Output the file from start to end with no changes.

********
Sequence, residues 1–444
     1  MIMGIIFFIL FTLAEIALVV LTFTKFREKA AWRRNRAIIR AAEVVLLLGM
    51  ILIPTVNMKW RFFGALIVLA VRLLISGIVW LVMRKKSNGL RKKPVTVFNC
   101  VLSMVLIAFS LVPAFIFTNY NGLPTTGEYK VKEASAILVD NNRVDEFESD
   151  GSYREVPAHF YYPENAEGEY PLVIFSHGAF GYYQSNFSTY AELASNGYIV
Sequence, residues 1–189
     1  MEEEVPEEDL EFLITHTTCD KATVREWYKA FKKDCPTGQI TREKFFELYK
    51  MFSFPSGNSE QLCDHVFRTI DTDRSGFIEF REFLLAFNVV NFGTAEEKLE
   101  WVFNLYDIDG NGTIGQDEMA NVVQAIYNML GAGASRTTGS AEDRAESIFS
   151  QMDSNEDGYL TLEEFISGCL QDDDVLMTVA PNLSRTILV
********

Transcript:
Sequence, residues 1–444
     1  MIMGIIFFIL FTLAEIALVV LTFTKFREKA AWRRNRAIIR AAEVVLLLGM
    51  ILIPTVNMKW RFFGALIVLA VRLLISGIVW LVMRKKSNGL RKKPVTVFNC
   101  VLSMVLIAFS LVPAFIFTNY NGLPTTGEYK VKEASAILVD NNRVDEFESD
   151  GSYREVPAHF YYPENAEGEY PLVIFSHGAF GYYQSNFSTY AELASNGYIV
Sequence, residues 1–189
     1  MEEEVPEEDL EFLITHTTCD KATVREWYKA FKKDCPTGQI TREKFFELYK
    51  MFSFPSGNSE QLCDHVFRTI DTDRSGFIEF REFLLAFNVV NFGTAEEKLE
   101  WVFNLYDIDG NGTIGQDEMA NVVQAIYNML GAGASRTTGS AEDRAESIFS
   151  QMDSNEDGYL TLEEFISGCL QDDDVLMTVA PNLSRTILV